On Thursday, 6 September 2012 08:14:47 UTC+1, Evert Tigchelaar wrote:
> Hi,
> A little while ago I had some problems with git and a colleague with more 
> git
> experience helped me and performed a git rebase and now "theirs" and 
> "ours" are reversed.
> I read (in the documentation) this is normal but is there a way to reverse 
> "theirs" and "ours" again?
> I ask this because its confusing when resolving a merge conflict.
> In the past I could use: 
> git checkout --theirs <filename> 
> to checkout theirs version but now I have to do:
> git checkout --ours <filename>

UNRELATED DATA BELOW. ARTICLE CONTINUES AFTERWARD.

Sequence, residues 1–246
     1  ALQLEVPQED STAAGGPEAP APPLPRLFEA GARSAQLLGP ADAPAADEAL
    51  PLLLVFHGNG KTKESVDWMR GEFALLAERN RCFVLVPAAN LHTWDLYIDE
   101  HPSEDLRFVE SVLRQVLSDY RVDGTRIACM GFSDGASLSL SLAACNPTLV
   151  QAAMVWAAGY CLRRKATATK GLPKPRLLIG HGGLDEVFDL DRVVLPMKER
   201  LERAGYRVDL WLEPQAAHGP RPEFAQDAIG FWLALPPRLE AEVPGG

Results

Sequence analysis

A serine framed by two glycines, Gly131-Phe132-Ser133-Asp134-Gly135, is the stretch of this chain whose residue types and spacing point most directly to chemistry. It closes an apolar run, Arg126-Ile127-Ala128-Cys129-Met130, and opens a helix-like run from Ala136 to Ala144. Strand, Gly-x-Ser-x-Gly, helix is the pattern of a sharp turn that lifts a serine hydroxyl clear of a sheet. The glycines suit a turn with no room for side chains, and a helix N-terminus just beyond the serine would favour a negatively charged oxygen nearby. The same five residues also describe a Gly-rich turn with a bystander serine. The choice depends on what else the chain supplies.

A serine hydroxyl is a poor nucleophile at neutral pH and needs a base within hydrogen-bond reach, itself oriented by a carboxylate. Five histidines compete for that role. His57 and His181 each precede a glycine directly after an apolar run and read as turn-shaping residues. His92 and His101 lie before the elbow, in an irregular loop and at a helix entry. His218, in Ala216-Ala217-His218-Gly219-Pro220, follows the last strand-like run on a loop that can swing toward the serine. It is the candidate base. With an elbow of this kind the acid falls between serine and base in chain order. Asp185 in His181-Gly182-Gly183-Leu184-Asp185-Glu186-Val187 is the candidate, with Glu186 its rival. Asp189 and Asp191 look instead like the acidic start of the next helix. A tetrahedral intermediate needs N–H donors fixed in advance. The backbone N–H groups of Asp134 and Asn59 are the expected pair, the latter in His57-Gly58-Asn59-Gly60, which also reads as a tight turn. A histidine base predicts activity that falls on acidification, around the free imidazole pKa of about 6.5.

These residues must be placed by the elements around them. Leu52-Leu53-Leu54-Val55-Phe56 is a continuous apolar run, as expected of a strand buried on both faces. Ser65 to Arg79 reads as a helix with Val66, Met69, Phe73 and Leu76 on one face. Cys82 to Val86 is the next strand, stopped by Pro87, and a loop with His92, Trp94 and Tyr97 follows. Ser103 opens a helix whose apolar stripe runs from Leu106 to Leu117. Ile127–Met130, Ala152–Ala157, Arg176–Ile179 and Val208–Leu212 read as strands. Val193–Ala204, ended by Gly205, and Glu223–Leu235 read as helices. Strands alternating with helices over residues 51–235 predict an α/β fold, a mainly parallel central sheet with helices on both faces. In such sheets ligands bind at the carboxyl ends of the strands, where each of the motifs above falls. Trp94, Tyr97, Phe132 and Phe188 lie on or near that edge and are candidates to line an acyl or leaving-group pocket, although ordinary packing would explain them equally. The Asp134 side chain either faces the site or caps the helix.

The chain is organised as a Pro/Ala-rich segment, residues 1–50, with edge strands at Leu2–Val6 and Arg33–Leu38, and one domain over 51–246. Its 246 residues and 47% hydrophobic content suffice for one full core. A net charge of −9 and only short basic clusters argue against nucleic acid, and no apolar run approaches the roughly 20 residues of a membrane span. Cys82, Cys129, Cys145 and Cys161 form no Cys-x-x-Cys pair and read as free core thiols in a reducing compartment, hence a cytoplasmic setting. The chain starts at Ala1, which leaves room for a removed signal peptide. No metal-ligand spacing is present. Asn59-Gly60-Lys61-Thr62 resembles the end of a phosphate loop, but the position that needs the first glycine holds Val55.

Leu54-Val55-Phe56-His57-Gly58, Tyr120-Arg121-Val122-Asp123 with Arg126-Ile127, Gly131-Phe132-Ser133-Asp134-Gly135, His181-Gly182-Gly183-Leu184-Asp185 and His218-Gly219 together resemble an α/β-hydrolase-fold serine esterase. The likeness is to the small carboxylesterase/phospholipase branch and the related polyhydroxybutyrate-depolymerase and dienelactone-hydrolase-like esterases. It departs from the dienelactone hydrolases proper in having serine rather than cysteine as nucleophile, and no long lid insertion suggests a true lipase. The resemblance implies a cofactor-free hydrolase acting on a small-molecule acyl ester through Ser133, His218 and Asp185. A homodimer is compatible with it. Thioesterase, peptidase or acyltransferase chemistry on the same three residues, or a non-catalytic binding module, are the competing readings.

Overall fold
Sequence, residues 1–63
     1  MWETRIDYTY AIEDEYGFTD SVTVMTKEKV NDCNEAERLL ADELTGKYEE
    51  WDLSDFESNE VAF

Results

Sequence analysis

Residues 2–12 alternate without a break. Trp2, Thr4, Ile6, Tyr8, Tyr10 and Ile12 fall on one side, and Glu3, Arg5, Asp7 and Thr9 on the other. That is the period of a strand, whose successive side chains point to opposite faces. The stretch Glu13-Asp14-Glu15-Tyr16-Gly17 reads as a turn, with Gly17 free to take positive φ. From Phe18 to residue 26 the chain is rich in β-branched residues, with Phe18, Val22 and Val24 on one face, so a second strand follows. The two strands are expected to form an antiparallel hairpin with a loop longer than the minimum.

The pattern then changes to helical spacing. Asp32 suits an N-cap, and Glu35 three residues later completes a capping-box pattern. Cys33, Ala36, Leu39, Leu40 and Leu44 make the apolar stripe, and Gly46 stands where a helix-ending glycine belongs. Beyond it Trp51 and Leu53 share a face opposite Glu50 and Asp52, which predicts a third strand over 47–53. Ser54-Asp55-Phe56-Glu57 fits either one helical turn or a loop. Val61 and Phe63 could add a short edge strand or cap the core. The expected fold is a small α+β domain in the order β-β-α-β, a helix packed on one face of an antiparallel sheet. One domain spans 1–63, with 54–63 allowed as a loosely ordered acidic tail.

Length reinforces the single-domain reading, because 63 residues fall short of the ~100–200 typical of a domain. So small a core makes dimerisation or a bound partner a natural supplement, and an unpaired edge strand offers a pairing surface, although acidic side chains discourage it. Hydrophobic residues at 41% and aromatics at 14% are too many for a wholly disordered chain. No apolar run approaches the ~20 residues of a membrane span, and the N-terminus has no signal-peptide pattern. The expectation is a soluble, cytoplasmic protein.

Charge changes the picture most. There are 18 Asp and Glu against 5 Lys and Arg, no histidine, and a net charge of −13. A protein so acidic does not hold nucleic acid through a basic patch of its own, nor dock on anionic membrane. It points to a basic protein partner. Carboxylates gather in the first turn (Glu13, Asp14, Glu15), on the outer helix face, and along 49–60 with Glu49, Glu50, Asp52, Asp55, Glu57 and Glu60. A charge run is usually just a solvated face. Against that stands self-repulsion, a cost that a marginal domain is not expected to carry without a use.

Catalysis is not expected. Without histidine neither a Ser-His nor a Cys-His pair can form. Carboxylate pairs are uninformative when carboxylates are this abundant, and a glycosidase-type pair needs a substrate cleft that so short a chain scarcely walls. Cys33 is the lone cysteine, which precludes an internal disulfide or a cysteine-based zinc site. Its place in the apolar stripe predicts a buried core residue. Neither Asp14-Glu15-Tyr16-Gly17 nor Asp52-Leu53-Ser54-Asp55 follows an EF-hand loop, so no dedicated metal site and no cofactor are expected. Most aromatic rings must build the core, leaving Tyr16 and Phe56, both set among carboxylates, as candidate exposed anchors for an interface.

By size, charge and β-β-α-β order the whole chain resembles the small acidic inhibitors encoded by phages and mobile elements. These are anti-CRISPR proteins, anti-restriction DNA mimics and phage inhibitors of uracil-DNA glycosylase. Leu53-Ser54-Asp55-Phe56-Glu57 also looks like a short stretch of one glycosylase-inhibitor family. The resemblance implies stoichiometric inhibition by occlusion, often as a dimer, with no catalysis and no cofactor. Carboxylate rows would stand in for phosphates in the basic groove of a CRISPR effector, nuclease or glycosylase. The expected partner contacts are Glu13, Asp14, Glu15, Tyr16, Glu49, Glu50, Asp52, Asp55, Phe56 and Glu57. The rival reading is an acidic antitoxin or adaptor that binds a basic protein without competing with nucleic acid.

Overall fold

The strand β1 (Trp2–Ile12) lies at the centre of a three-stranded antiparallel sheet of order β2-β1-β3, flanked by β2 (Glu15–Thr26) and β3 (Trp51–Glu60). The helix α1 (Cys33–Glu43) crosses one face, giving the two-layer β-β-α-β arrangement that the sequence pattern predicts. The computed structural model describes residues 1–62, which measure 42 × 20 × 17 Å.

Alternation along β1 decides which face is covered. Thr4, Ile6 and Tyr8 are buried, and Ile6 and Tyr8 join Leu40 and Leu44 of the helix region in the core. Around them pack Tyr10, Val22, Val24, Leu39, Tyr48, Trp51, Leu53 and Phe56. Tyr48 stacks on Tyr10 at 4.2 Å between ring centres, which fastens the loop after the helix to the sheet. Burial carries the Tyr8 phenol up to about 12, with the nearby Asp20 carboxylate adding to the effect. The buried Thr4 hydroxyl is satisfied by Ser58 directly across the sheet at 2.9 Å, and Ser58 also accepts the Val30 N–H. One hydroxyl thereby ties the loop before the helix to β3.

> to checkout theirs version.

I'm pretty sure there isn't a way to reverse this. There was some 
discussion on the mailing list a long time back, but I don't recall it 
going anywhere.

It may help, however, to understand *why* things are the way they are.

When you `git checkout master; git merge branch`, you sit on the master 
branch, then apply changes from the develop branch. Therefore master is 
'ours', and branch is 'theirs'.

However, when you `git checkout master; git rebase branch` (this is the 
slightly unusual situation of rebase master *onto* branch, but I'm doing it 
to keep the examples consistent), git actually checks out branch, then 
applies patches from master. So, branch is 'ours' and master is 'theirs'.

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